Opening of 200-Year-Old Time Capsule at West Point Is a Dud ... With a Twist

Opening of 200-Year-Old Time Capsule at West Point Is a Dud ... With a Twist
Paul Hudson, archeologist at the U.S. Military Academy at West Point, N.Y., displays coins found in a lead box placed in the base of a monument almost two centuries ago. (U.S. Military Academy via Flickr)

The live opening of a two-century-old time capsule at the U.S. Military Academy at West Point, N.Y., on Aug. 28 left an in-person crowd and a worldwide online audience with little more than dust.


Until the school's archaeological team dug a little deeper.


Team members found six coins and a commemorative medal, dating from 1795 to 1828, in the capsule's sediment, according to an Aug. 30 press release from the academy. Along with a Liberty dollar coin from 1800, the box included 50-, 25-, 10-, 5-, and 1-cent pieces, as well as a commemorative medal from 1826 celebrating the completion of the Erie Canal.


A damaged seam may have allowed moisture into the 1-cubic-foot lead box found during renovations at the base of a West Point monument honoring Thaddeus Kosciuszko, a Polish general and military engineer who fought in the American Revolution. That moisture may have destroyed paper or other perishables included in the time capsule, which school officials say dates to 1828.



A Liberty dollar coin was one of seven artifacts found in the time capsule. (Photo by U.S. Military Academy at West Point via Flickr)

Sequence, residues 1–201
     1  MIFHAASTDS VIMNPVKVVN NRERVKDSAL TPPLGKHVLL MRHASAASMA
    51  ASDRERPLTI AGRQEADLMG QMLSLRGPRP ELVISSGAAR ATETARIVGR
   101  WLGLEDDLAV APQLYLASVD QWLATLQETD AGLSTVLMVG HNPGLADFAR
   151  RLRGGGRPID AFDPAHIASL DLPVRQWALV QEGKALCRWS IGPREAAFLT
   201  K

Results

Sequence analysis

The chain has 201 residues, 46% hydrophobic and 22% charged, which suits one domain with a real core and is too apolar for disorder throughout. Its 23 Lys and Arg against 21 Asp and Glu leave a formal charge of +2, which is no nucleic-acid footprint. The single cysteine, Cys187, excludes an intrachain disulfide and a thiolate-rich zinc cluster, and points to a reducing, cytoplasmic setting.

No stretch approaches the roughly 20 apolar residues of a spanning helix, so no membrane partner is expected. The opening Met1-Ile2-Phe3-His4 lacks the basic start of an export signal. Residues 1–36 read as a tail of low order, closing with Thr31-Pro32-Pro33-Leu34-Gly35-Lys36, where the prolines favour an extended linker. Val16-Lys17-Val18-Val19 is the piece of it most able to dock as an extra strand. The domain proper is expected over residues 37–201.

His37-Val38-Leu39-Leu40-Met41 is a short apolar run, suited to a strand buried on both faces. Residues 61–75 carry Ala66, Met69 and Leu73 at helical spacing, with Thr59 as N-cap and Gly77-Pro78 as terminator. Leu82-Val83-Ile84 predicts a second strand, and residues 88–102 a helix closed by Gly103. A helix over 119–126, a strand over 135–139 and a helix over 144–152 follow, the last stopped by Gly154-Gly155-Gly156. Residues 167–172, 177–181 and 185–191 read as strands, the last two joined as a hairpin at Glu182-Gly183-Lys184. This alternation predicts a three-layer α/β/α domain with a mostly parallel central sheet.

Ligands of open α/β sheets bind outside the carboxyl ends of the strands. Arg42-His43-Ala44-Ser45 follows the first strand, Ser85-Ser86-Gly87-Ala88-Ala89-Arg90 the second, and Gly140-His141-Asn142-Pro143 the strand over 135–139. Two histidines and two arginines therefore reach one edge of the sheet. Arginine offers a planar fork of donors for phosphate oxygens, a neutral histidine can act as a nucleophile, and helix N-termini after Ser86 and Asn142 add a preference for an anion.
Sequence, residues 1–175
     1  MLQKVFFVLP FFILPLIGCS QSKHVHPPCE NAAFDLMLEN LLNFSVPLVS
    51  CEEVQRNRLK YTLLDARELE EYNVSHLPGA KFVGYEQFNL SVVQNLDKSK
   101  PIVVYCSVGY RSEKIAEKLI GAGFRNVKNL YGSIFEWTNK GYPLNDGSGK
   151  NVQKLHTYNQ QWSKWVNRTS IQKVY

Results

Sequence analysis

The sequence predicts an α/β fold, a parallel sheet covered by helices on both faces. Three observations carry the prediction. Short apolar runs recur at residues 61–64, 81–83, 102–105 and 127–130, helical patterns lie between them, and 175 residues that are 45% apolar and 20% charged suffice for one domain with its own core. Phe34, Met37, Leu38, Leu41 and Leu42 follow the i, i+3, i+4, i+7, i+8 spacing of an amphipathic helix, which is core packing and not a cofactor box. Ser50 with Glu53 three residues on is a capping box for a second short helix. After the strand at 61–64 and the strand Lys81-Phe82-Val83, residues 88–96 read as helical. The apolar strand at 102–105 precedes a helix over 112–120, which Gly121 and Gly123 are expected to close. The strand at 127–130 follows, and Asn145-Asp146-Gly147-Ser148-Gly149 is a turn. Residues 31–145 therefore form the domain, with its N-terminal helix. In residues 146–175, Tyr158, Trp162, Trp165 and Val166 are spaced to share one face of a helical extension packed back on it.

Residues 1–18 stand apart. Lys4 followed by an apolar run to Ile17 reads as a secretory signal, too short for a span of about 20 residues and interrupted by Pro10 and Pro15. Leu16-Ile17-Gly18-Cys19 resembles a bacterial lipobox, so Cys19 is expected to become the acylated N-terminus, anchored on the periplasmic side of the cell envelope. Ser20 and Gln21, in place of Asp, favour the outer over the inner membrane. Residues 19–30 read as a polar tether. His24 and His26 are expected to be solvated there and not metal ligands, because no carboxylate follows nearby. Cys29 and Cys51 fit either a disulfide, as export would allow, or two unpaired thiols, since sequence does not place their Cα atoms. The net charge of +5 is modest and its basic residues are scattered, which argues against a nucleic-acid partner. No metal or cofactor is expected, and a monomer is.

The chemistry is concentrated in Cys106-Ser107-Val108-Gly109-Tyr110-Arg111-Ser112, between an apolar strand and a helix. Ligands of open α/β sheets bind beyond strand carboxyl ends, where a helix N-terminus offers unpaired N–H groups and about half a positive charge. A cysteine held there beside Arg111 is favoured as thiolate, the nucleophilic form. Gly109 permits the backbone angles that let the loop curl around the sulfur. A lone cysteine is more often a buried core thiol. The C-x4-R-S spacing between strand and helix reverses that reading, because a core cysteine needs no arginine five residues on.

West Point archaeologist Paul Hudson pulled silt and sediment from the box during a livestreamed grand opening at the school's Thayer Hall, which he admitted "didn't quite meet expectations." But upon further review, according to The Associated Press, not everything was lost to the sands of time.


"When I first found these, I thought, man, you know, it would have been great to have found these on stage," Hudson told the AP.


The coins provide little clarity on exactly when or why the capsule was placed in the monument's base. The AP reported a five-cadet committee, including 1829 graduate Robert E. Lee, may have been involved in the process. 


The rebuilt base of the memorial will include a new time capsule, according to an Aug. 15 academy press release. The 8 1/2-foot bronze statue was removed in 2021 when inspectors discovered cracks in its base and column. The capsule was found this year during the base's removal. 


The academy posted dozens of photos of the capsule and contents on its Flickr page.


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Kevin Lilley
Kevin Lilley

Lilley serves as MOAA's digital content manager. His duties include producing, editing, and managing content for a variety of platforms, with a concentration on The MOAA Newsletter and Follow him on Twitter: @KRLilley